Larkin Mortuary

Vasilios Chris Priskos

05/29/1964 - 10/09/2017

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For the first time in 53 years the sun rose and Vasilios Priskos was not there to see it, passing away at 5:00 a.m. on October 9, 2017. Though he fought mightily for many years against the cancer robbing him of his adult life, he died peacefully surrounded by family at the Huntsman Cancer Institute. Our sun blazed a bit dimmer that day.

Vasilios was born on May 29, 1964 in the village of Kamaritsa deep in the mountains on the Greek island of Evia. He came to the United States in 1966, in the arms of his father and mother, Chris and Tula Priskos, who settled in Utah to fulfill the family ambition to live the American Dream. That dream was realized when the family established the Royal Burger on the corner of 400 South Main in 1981 where Vasilios began flipping burgers and washing dishes while a student at Skyline High School. During this period Vasilios developed his own ambitions to help grow and shape Salt Lake City as each day he was met with a new story by another of Salt Lake’s movers and shakers, the rich and the poor, the white and blue collar. Their stories moved him to marry the American dream with his own Greek birthright of achievement, stewardship and honor, termed Philotimo in the language he first spoke.

In 1990 he earned his Bachelors of Arts degree in Finance from the University of Utah and began a real estate career. After earning his brokers license, he founded InterNet Properties in 1994 and purchased his first property on 400 South that still houses the company today.

Vasilios became well-known as one of the major influencers of downtown Salt Lake City with a particular love for Main Street where he not only brokered sales, but also purchased properties that others had left abandoned or ruined. His vision for, and belief in Main Street, allowed establishments like Eva’s Bakery, Mollie & Ollies, Whiskey Street and Apollo Burger to begin the modern transformation of Main Street. When the Salt Lake Tribune left downtown and its historic building behind, Vasilios was able to purchase and transform it into the vital campus and housing for Neumont University. Many other businesses and properties throughout downtown are benefactors of his vision. The Downtown Alliance recognized that vision, naming Vasilios one of the Top-25 People Who Helped Shape Downtown.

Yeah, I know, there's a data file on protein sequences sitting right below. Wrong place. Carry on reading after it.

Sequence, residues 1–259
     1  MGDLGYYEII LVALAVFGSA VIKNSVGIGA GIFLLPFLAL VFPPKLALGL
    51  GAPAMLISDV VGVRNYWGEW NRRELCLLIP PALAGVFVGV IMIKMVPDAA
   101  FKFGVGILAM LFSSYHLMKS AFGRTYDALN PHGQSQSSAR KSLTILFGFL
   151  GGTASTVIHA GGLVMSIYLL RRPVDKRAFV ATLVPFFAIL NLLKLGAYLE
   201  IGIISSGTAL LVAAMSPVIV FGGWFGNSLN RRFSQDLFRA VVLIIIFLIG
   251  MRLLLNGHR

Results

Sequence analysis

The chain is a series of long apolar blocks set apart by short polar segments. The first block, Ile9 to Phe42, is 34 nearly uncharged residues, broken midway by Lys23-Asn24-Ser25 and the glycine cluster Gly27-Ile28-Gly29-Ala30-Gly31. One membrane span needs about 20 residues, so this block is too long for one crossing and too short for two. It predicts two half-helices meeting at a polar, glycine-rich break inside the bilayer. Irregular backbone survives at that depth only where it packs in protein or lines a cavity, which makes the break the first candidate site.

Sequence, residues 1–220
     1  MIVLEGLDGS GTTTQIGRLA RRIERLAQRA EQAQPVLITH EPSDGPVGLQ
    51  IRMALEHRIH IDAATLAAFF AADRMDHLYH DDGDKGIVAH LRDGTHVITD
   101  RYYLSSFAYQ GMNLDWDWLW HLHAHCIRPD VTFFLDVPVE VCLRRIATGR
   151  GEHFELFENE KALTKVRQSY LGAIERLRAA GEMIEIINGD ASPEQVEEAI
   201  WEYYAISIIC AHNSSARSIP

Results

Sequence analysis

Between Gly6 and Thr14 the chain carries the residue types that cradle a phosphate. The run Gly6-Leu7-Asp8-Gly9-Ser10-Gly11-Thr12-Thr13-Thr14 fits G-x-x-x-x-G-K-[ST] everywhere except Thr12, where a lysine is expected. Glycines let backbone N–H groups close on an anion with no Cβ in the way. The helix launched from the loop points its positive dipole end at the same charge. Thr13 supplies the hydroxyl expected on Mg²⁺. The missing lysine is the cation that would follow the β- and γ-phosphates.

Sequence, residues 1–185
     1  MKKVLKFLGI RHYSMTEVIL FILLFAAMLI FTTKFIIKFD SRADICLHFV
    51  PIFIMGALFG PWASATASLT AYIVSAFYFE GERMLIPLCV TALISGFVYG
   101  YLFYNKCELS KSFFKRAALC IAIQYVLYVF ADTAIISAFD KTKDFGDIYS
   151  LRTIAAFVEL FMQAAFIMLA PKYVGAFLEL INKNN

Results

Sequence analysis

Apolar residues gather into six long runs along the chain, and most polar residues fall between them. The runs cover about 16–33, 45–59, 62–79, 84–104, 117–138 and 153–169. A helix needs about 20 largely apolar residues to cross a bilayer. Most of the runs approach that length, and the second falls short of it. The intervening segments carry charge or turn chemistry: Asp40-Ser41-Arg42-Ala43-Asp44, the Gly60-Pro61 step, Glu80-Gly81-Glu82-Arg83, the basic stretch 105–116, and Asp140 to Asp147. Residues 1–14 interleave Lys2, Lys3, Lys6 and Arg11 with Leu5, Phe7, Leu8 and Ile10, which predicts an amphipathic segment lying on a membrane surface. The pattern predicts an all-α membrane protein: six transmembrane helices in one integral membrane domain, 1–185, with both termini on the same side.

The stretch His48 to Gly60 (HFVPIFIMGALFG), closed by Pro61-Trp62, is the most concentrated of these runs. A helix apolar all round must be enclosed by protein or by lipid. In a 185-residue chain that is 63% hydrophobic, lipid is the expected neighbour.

Vasilios believed in giving back to his community, serving on multiple civic and public boards including positions with the Salt Lake City Police Foundation, the Children’s Museum, Salt Lake Chamber of Commerce, the Salt Lake Redevelopment Agency, the Heritage Foundation, Utah Film Center, the 2002 Olympics Committee, Westminster College Foundation, and the Board of Realtors Grievance Committee. He served on the board of the Salt Lake Country Club and is a past president of the Alta Club. Vasilios was a member of the National Hellenic Association and of Leadership 100, two groups dedicated to the preservation of Hellenic heritage and culture. Vasilios was always ready with financial aid or mentorship, and importantly, to connect the dots between other community leaders. His sphere of friends and allies includes persons of every religion, every ethnicity and every social strata. Especially cigar smoking gamblers.

His true calling is that of admired son, brother, uncle, husband, father and faithful steward to the Greek Orthodox Church, in which he became a Nono (Godfather) to many local children. He married Shauna Bamberger in 1988. Together they raised four strong boys, Christian, Nico, Alexander and Aristotle each of whom are gifted with particular Vasilios and Shauna attributes. Of his many accomplishments, he considered his children his greatest. They were a source of pride that motivated him during his darkest times. Throughout his illness he continued to attend their sporting events, Greek dance performances and graduations. They were his rock and his reason for waking to each painful day. Those who knew him best agree that his highest accolade is that of loving husband and father. His reward was that they loved him in return.